Background In Japan, ventricular assist devices (VADs) have been used for patients with severe heart failure as a bridge to transplantation (BTT) since 1992. However, it was not until 1997, when the Organ Transplant Law was enacted, that medical devices received approval by the national health insurance system for that use. To encourage research and development of innovative medical devices, the Pharmaceuticals and Medical Devices Agency has established a public–private partnership in collaboration with academic societies, hospitals and manufacturers. Methods The Japanese registry for Mechanically Assisted Circulatory Support (J-MACS) is a prospective registry designed to be harmonized with the Interagency Registry of Mechanically Assisted Circulatory Support (INTERMACS). Participation in J-MACS is mandatory for device manufacturers to meet the conditions of approval as well as for hospitals to obtain authorization for reimbursement from the national health insurance system. Results From June 2010 to April 2015, 476 patients were registered at 31 hospitals. Of these, analysis of primary VAD patients (n = 332) revealed that their overall 360-day survival was 91% (implantable 93%, extracorporeal 84%). Conclusions This initial report from J-MACS focuses on patients’ demographics, device types, survival, competing outcomes, adverse events and successful examples of system failure detection.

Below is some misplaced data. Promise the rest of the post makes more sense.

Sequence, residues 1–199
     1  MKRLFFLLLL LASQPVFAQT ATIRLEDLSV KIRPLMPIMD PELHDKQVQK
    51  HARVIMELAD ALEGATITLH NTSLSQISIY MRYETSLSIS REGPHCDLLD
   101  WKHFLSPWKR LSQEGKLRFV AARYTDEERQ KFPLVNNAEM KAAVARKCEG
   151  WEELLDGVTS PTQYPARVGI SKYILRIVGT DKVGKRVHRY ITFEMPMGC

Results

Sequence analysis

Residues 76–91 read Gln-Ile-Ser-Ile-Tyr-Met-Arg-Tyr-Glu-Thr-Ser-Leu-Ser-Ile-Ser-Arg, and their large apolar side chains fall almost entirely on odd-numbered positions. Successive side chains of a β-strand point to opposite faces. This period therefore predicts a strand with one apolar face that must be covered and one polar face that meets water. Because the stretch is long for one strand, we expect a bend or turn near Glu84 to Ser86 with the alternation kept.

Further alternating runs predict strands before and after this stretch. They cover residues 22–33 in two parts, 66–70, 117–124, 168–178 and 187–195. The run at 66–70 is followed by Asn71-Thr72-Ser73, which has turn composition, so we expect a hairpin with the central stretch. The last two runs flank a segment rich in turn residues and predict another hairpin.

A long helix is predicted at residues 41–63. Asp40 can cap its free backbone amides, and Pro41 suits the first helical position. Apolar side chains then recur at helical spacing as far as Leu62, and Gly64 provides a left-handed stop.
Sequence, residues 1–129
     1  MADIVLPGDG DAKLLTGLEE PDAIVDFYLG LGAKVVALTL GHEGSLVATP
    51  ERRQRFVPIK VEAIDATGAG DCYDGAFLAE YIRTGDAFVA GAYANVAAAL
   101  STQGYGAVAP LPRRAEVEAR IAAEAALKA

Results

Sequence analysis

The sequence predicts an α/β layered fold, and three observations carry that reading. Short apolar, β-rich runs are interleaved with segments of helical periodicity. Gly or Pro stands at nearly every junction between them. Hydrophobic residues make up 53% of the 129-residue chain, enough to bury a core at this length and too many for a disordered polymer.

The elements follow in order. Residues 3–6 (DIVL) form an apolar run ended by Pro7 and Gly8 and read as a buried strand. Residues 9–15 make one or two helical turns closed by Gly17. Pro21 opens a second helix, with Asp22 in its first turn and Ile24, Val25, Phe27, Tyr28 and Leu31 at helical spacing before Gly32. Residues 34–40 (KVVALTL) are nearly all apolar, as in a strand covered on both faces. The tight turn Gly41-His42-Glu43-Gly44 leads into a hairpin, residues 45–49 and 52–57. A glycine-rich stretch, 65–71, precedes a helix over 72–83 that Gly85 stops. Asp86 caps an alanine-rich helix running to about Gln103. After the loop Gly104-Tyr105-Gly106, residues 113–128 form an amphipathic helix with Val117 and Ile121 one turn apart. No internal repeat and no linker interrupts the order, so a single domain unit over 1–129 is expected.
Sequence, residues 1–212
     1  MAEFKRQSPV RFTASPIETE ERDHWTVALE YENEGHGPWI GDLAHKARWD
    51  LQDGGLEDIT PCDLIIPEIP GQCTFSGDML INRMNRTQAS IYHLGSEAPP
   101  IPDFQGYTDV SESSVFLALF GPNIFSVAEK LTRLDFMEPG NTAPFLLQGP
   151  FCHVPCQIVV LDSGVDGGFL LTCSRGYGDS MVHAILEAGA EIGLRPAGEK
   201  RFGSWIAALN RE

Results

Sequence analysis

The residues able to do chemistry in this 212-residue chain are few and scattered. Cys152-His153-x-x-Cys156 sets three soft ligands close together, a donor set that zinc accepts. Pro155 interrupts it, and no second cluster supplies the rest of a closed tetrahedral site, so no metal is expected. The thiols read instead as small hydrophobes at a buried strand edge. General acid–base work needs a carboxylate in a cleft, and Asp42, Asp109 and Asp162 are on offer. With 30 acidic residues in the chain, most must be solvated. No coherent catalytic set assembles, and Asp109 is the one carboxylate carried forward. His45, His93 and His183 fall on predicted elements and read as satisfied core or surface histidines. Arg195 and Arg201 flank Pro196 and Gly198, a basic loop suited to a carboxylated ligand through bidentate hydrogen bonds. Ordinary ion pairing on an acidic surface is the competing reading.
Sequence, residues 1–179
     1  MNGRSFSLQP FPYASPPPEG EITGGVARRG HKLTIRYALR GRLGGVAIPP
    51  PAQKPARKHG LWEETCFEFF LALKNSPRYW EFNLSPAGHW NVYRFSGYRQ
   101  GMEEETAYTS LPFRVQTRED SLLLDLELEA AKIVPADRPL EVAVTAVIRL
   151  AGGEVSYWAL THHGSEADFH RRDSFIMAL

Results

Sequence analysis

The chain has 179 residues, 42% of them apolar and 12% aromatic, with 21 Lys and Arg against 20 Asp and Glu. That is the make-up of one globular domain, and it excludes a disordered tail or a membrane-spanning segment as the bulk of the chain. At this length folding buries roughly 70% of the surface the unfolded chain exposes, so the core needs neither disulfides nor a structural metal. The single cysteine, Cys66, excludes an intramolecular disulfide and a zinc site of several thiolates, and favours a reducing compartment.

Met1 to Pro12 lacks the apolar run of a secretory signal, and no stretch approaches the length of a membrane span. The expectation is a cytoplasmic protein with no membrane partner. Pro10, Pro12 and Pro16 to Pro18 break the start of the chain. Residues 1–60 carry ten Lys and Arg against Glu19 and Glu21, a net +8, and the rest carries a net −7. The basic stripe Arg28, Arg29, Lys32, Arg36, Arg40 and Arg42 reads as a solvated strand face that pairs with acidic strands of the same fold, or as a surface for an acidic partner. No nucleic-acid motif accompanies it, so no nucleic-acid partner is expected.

- assist device
- bridge to transplantation
- mechanical circulatory support
- severe heart failure
ASJC Scopus subject areas
- Pulmonary and Respiratory Medicine
- Cardiology and Cardiovascular Medicine